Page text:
- The Internet will once again play a crucial role for retailers this holiday season as consumers, on average, plan to do 30.2 percent of their shopping online compared to 28.9 percent in 2006.
BTW - U.S. companies lose an estimated $30 to $44 billion dollars per year because of employee depression.
If you didn't see it, here are some highlights:
- The highest rates of past year Major Depression Episodes among female full-time workers aged 18 to 64 were found in the food preparation and serving related occupations (14.8 percent).
- The highest rates among male full-time workers aged 18 to 64 were found in the arts, design, entertainment, sports, and media occupations (6.7 percent)
- The highest category overall for employees with depression was Personal Care and Service. The occupations with the least depression: Engineering, Architecture, and Surveyors
Wednesday, October 10, 2007
1.) If you have products in your inventory that can legitimately be called green-friendly, break them off into a new category on your web site and promote it heavily on your front page, to your mailing list, etc.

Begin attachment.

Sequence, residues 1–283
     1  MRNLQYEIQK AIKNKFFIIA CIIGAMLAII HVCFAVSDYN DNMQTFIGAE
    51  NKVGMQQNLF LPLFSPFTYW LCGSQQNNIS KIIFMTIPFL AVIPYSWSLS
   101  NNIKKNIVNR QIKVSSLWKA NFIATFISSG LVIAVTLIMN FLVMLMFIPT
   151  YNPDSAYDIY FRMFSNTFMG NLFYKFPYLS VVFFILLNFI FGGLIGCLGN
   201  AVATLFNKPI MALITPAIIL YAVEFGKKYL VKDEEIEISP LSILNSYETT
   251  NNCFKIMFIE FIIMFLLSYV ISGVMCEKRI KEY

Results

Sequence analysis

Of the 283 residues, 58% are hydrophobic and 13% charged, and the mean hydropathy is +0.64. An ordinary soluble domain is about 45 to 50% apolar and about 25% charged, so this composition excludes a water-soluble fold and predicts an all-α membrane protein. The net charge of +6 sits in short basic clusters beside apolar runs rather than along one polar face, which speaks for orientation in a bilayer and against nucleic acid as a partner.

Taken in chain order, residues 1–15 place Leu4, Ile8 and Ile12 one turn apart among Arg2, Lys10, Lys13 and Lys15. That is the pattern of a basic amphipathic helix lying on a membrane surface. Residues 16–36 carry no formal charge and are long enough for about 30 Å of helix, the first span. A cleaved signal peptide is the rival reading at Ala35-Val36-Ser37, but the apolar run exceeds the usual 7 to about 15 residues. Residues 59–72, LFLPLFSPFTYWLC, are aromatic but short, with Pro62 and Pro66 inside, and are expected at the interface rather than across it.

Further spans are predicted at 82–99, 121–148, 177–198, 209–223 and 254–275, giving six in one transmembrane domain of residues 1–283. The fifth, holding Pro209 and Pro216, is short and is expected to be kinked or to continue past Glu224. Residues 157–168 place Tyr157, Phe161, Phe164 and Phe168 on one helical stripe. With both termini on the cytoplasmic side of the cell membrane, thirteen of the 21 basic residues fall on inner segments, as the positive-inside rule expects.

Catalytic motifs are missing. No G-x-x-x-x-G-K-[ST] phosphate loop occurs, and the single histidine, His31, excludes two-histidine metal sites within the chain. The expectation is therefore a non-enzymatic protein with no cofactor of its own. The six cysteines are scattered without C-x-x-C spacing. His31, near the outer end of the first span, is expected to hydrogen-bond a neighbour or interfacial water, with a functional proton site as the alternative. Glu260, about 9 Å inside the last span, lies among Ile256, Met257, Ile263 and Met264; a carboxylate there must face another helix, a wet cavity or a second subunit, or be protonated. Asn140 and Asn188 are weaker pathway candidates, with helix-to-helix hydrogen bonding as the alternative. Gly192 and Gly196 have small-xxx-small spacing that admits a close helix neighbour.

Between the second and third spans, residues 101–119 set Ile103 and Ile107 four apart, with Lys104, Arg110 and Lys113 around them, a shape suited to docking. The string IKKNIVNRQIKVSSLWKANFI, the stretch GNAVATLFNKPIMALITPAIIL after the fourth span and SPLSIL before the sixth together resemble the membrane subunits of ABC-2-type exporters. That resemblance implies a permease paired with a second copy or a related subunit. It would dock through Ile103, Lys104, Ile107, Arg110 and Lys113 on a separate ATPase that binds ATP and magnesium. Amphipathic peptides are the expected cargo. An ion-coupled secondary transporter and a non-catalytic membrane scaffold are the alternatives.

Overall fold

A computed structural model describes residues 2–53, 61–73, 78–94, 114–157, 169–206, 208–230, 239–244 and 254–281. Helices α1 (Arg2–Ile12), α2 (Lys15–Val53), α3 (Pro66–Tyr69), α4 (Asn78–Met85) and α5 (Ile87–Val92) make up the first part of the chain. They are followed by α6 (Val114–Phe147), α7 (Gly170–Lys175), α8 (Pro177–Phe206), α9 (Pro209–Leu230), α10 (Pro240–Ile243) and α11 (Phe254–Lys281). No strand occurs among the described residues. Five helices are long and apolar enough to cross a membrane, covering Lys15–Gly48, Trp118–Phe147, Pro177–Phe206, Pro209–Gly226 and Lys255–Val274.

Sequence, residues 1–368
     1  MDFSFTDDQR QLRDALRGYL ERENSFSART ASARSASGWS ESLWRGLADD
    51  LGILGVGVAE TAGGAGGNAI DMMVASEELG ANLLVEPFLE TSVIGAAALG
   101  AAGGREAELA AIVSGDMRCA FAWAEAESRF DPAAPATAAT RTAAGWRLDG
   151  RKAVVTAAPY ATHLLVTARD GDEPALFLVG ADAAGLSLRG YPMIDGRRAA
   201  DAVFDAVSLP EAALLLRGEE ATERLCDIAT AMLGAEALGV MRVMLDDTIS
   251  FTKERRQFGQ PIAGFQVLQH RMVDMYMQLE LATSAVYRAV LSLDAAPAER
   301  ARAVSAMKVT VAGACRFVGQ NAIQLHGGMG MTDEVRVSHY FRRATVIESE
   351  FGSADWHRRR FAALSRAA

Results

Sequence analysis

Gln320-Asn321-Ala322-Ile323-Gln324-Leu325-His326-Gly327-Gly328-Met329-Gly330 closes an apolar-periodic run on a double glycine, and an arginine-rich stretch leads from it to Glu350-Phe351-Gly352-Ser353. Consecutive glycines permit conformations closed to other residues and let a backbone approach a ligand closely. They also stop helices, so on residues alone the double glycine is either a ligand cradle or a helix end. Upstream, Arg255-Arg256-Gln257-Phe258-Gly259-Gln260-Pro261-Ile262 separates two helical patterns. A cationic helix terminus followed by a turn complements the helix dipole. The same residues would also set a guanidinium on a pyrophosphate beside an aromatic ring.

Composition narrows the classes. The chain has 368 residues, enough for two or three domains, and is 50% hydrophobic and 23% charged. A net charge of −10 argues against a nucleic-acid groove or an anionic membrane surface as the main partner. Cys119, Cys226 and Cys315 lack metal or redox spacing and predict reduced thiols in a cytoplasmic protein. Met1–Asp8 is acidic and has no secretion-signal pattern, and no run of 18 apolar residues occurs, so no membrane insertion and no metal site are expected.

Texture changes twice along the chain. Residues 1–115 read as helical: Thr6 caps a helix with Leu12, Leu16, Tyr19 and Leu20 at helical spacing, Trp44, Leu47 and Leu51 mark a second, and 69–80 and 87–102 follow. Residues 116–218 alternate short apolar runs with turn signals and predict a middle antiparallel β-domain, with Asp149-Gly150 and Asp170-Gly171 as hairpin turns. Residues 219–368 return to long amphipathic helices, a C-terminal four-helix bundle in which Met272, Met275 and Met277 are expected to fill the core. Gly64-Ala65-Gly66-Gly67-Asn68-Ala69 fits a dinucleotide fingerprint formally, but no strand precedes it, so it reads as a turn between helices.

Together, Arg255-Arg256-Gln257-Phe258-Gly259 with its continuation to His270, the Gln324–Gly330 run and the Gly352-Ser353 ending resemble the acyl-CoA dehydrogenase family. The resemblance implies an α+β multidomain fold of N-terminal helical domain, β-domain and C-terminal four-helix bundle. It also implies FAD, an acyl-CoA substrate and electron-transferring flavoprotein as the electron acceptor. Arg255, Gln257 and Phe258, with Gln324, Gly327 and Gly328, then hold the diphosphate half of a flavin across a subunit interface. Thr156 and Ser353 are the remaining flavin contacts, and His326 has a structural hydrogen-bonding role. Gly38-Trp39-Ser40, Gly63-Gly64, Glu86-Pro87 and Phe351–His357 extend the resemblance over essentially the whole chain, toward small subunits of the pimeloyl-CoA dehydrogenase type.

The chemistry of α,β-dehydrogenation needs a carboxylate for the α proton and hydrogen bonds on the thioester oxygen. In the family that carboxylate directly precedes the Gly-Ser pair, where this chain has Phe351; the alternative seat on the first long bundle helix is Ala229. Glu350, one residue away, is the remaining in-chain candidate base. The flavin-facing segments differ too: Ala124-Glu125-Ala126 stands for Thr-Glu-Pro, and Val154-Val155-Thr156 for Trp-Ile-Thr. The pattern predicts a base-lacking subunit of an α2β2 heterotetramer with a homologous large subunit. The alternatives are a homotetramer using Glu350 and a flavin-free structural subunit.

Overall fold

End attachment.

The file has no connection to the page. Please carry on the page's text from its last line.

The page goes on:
2.) If you run a service-oriented business … well … I’m not sure how many people will care that you just switched to compact fluorescent light bulbs, but they might care if you do that, and make your fleet of service trucks eco-friendly, and get your employees involved in an outdoor cleanup/community service-type event.
3.) In either case, once you’ve gone green, contact the media — both online and offline. And by media, I mean TV, newspapers, local independent papers and magazines, and (since you need links), local and regional bloggers.
There you go: Get links and buzz by going green. It’s all the rage. And they say it’s good for the earth, too
Saturday, October 6, 2007
"...the telemarketer insisted it was a risk-free 30 day trial and that we would have great placement on MSN, Google and Yahoo. I'm wary of these "something for nothing" free trials having been burned several times, but since I wasn't asked for a credit card numbered I figured it wouldn't cost me anything. Surprise! This month my phone bill -- my phone bill! -- had a charge of $49.95 from PaymentOne.com, whom I'd never heard of before."
Gartner says he never authorized the charge, got no leads during the "free trial" which of course turned out not to be free, and was unable to get the charge removed from the phone bill.
As search and online directories become more practical for the local merchant, we're bound to see more of this. Sometimes honest misunderstandings. Sometimes predatory tactics. I'll let you know if I find out more about which this was.